Organic Consumers Association

NEW DEADLINE JANUARY 30: Tell the USDA You Don’t Want a GMO Apple!

No GMO Apples!The U.S. Department of Agriculture (USDA) is poised to approve the first genetically engineered apple. The "Arctic Apple®” is engineered for the purely cosmetic purpose of preventing browning after it’s been sliced. Scientists say the technology used to create this new frankenapple is untested and inherently risky.

Unless the USDA heeds consumers, environmentalists and apple growers who are speaking out against deregulation of the Arctic Apple, the first GMO apple could soon turn up in fast-food restaurants, school cafeterias—even baby food. With no labels to warn consumers.

The Arctic Apple poses a risk to human health, a risk to the environment and a risk to conventional and non-organic apple growers.

Please sign the petition below: Tell the USDA to reject biotech’s non-browning Frankenapple! 



1-25 of 119190 signatures
Number Date Name Location
119190 2 weeks ago Pamela White Guerneville, CA
119189 3 weeks ago Anonymous Berkeley, CA Do not approve any more GMO foods. People and our environment should not be used as guinea pigs for GMOs. Stop all GMO testing in nature.
119188 3 weeks ago Melinda Namanny Mapleton, IA Please do not contaminate another food source. If you read the truthful science on GMOs you will not want this.
119187 3 weeks ago Monica Dhaliwal Kent, WA Haven't you done enogh harm already on the US population by constantly approving GMOs into food products...?
Would you like to digest the GMOs you've been approving...for I'd love to come and cu...
119186 1 month ago Barbara Sullivan IL
119185 1 month ago G Bommelaere Colorado Springs, CO
119184 1 month ago K. Arnone Broklyn, NY
119183 1 month ago K. Arnone Broklyn, NY
119182 1 month ago K. Arnone Broklyn, NY
119181 1 month ago Christopher Visco NY
119180 1 month ago K. Arnone Broklyn, NY
119179 1 month ago K. Arnone Broklyn, NY
119178 1 month ago K. Arnone Broklyn, NY
119177 1 month ago Julia Flansburg moore, OK
119176 1 month ago Kristi Heironimus Sherwood, OR
119175 2 months ago Joseph Llona WA
119174 2 months ago Jackie Richey Arroyo Grande, CA
119173 2 months ago K. Arnone Broklyn, NY
119172 2 months ago Karen Mayer Granada Hills, CA This is ridiculous and pootentially dangerous.
119171 2 months ago angela allen-barr los angeles, CA
119170 2 months ago K. Arnone Broklyn, NY
119169 2 months ago bradley cromer elkins, WV i will stick with the apples on my tree, in my yard... do not want to eat or drink anymore chemicals and pesticides .in my food ... i like brown apples
119168 3 months ago Lawrence Merlino Saugerties, NY
119167 3 months ago Brian Pike Cypress, TX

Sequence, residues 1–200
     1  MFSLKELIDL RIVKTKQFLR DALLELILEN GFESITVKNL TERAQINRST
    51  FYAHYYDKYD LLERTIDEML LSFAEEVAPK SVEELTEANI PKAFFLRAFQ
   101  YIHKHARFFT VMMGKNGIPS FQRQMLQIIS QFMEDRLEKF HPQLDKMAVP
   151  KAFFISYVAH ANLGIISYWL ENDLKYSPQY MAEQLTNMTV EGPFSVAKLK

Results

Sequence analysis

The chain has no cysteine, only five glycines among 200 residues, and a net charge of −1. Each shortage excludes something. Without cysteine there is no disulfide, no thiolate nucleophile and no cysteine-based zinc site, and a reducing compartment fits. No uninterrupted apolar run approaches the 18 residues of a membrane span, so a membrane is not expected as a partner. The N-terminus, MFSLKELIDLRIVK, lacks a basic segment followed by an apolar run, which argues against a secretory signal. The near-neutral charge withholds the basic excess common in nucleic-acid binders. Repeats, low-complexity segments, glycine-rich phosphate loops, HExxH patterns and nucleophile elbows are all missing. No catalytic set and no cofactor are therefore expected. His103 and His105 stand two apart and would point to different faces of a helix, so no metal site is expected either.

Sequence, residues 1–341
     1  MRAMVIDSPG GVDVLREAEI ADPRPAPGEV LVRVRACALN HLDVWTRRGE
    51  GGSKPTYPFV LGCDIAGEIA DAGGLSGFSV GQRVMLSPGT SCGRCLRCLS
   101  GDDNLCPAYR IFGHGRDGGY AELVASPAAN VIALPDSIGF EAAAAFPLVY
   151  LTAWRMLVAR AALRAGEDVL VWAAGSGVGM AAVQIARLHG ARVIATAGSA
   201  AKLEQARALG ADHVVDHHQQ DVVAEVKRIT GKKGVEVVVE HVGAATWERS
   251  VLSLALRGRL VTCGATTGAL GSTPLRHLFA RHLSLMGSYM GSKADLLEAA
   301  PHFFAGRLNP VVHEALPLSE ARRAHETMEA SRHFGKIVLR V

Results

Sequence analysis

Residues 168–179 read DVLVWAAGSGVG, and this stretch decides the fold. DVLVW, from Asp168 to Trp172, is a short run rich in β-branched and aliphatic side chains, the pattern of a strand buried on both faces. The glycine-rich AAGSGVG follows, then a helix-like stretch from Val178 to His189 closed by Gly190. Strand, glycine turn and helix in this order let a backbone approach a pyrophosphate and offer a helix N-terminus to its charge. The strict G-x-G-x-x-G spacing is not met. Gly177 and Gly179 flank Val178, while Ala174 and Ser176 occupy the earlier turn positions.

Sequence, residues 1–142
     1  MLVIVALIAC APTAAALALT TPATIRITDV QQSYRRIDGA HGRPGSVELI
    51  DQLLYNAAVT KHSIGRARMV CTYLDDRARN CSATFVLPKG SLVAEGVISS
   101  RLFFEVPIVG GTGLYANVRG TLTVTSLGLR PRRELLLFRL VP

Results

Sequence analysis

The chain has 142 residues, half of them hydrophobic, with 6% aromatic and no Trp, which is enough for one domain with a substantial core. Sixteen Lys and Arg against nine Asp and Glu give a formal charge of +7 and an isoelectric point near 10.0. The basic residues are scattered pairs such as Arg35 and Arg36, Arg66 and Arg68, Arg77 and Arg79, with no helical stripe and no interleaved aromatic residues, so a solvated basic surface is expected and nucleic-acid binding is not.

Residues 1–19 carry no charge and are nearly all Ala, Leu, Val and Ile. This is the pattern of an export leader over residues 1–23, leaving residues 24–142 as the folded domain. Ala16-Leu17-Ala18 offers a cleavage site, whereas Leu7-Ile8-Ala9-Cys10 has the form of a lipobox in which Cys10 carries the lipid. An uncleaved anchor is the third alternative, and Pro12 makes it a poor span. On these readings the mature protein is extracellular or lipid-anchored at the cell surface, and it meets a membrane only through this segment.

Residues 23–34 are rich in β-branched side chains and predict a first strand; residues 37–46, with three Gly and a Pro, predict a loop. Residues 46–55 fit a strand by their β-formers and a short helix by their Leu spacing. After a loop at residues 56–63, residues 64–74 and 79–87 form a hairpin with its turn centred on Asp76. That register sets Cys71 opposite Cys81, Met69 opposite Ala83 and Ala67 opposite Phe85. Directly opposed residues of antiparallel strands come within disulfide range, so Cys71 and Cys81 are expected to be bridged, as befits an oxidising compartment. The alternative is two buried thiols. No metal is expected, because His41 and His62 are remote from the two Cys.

119166 3 months ago Brian Pike Cypress, TX
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Background:

Most existing genetically engineered plants are designed to make new proteins. But the Arctic Apple is engineered to produce a form of genetic information called double-stranded RNA (dsRNA). The new dsRNA alters the way genes are expressed. The result, in the Arctic Apple’s case, is a new double strand of RNA that genetically “silences” the apple’s ability to produce polyphenol oxidase, an enzyme that causes the apple to turn brown when it’s exposed to oxygen.

Harmless? Not according to many scientists, including Professor Jack Heinemann (University of Canterbury, New Zealand), Sarah Agapito-Tenfen (from Santa Catarina University in Brazil) and Judy Carman (Flinders University in South Australia). They say that dsRNA manipulation is untested, and therefore inherently risky. According to these and other scientists, given that the dsRNA from our food, and presumably the Frankenapple, will enter the bloodstream and cells of consumers, safety research should be done before this GMO apple is put on the grocery shelf in order to prove that the dsRNA that enters consumers' bodies will not harm them. To date, no such research has been reported.

Frankenapple also poses a contamination risk. The U.S. Apple Association (which represents most commercial apple growers), the Northwest Horticultural Council (which represents Washington apple growers who grow over 60 percent of the apples in the U.S. and more than 80 percent of the U.S.-certified organic apples), and the British Columbia Fruit Growers Association oppose deregulation of the Arctic Apple citing fears of crop contamination. If buyers suspect conventional and organic apple crops have been contaminated, growers say the market will reject them resulting in lost export revenue.

And then there’s the pesticide problem. Non-organic apples already top the Environmental Working Group’s Dirty Dozen list, for both the volume and the stunning array of pesticides consistently found on them. 

But the frankenapple poses an additional risk. Here’s why. The chemical compound that is shut off in the GMO apple, in order to prevent browning, also fights off plant pests. What happens when the apple’s ability to fend off insects is compromised? Growers will likely need to spray greater amounts of possibly even more toxic pesticides. 

According to the Pesticide Action Network’s analysis of the most recent USDA data, apples tested positive for 42 pesticides, including organophosphate and pyrethroid pesticides. Both are endocrine disruptors, both have suspected neurological effects, and both are considered especially toxic for children.